Sometimes people come to therapy not to inquire. Rather, they come to declare. So it is with this man.
He speaks of a woman. “She’s it for me,” he says. “This is it for me.” He’s not deciding whether to explore the relationship. He’s in it. He’s gone and jumped in the deep end. Just like that.
Now, if this guy valued living sensibly, carefully, and conservatively, then, on paper, this relationship lies somewhere between doomed and impossible. Immutable layers of geography, children, blended family, ex’s, vocation – two lives in two very different worlds, miles apart.
But I’m beginning to get the idea that this guy doesn’t value living sensibly, carefully, and conservatively. So now I’m trying to decide whether this guy is a reckless romantic, terribly immature, or … someone whose faithfulness and courage I greatly admire. Someone who trusts himself and his Maker.
See, there’s a difference between a “deal with the devil” and an act of radical trust and faith, though sometimes the behaviors look very much alike.
How on earth will they ever make their two lives into one? “I have no idea,” says the man. Then, why on earth take the risk of moving forward? The man’s answer: “Because moving forward is the only way to figure out the puzzle. As we move forward in faith, cherishing and nurturing what we have together, the path will emerge. We’ll see it. We’ll just know.”
I’m reminded of those people who, in fierce unyielding principle, pay cash for everything. No cash? Then they don’t buy it.
It’s a fine way to live. Sensible. Careful. Conservative. But … sometimes you just gotta borrow a bunch a money and jump in the deep end. Just like that. Without a clear plan. Because moving forward is the only way to find the plan.
In 1951, W.H. Murray said it this way in The Scottish Himalayan Expedition:
“Until one is committed, there is hesitancy, the chance to draw back, always ineffectiveness. Concerning all acts of initiative (and creation), there is one elementary truth, the ignorance of which kills countless ideas and splendid plans: that the moment one definitely commits oneself, then Providence moves, too. All sorts of things occur to help one that would never otherwise have occurred. A whole stream of events issues from the decision, raising in ones favour all manner of unforeseen incidents and meetings and material assistance, which no man could have dreamt would have come his way.”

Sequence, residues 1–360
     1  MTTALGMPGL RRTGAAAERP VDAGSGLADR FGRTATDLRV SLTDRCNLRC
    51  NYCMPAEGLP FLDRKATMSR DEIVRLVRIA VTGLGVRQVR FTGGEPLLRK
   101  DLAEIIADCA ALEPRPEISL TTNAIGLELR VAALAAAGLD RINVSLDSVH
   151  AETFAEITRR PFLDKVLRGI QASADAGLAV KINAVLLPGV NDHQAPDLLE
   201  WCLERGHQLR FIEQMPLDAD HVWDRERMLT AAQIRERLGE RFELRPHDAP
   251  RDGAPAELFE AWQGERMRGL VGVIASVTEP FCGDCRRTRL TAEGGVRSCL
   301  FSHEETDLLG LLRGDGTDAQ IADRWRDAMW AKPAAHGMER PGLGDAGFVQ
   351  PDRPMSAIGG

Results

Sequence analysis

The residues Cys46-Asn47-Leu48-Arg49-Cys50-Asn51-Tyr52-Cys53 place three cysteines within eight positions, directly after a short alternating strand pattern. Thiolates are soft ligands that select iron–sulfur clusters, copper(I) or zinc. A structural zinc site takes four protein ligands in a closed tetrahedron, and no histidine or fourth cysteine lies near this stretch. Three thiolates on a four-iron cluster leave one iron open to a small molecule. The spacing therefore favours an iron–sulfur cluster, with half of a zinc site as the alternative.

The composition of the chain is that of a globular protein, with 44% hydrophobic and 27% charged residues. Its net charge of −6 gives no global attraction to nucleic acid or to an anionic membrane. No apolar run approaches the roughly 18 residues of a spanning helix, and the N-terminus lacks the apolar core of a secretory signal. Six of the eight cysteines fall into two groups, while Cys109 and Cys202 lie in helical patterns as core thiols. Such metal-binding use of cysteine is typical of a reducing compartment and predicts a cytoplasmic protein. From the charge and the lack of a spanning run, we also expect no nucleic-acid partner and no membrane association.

Nike Corporation says it this way: “Just do it.”
Jesus says it this way: “If you have faith as a grain of mustard seed, you can tell a mountain ‘Do you mind?,’ and it will move out of your way.”
I said it this way in a song: You stand at the edge looking down in to nowhere/ And then you hear the call/ Something inside of you says to jump/ And build your wings as you fall.
The man reminds me of a character in a parable:
Once upon a time there was a poor peasant who was tired of being poor. He was tired of wishing. Tired of hoping. Tired of settling. Tired of choosing a life of careful, tidy security and sameness. So he asked for, and was granted an audience with the king.
The peasant knew the king was a man of great pride and vanity. So he said to the king, “If you will give me ten bags of gold, I will, within this next year, teach your horse to talk.”
Images spun inside the king’s head. Any king could ride a fine and noble beast, but only he would have a horse that talked!
The king agreed, and called upon his servants to get the gold. “But,” the king said sternly, “lest you trifle with me, be assured: one year from now, if my horse does not talk, then you will lose your head.”
The peasant returned to his home, now a rich man.
But, when the peasant recounted his tale to a friend, the friend exclaimed, “Have you lost your mind?! Horses don’t talk! 365 days from now, you are going to be one DEAD, headless peasant!”
“Not so fast,” the peasant said, peacefully, thoughtfully. “A lot can happen in a year. The king might die … I might die … the horse might die. Then again, maybe the horse will learn to talk. In the meantime, I’M RICH!”
Session over. Not sure why the man scheduled the session. Maybe he wanted to know if I thought he was crazy.
Not that it would matter. This man sees his future – their future – and nothing will stop him from walking toward it.
Steven Kalas is a Nevada author, a therapist and an Episcopal priest. You can reach him at firstname.lastname@example.org.